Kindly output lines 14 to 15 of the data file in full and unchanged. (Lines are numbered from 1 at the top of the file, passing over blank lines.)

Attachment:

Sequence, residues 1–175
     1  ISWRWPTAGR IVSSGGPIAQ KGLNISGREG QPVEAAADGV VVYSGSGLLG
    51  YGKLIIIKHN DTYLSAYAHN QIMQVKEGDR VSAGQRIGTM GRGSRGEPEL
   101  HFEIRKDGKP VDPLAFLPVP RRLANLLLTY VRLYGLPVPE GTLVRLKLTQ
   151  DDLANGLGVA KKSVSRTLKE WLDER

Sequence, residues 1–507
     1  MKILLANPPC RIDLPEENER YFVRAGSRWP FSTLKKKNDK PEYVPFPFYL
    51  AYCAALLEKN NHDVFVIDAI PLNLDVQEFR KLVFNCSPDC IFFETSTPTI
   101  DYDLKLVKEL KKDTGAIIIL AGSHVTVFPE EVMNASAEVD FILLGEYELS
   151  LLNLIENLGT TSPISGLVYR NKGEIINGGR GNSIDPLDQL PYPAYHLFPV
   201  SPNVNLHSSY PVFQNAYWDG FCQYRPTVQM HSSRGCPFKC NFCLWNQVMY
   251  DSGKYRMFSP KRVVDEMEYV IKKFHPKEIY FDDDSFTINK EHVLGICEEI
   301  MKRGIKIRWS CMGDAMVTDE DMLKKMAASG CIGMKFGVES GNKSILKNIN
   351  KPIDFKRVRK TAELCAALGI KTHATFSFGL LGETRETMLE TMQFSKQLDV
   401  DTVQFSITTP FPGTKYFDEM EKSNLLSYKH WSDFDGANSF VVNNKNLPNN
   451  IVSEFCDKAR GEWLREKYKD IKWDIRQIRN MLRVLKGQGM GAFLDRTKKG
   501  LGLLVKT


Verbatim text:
   351  KPIDFKRVRK TAELCAALGI KTHATFSFGL LGETRETMLE TMQFSKQLDV
   401  DTVQFSITTP FPGTKYFDEM EKSNLLSYKH WSDFDGANSF VVNNKNLPNN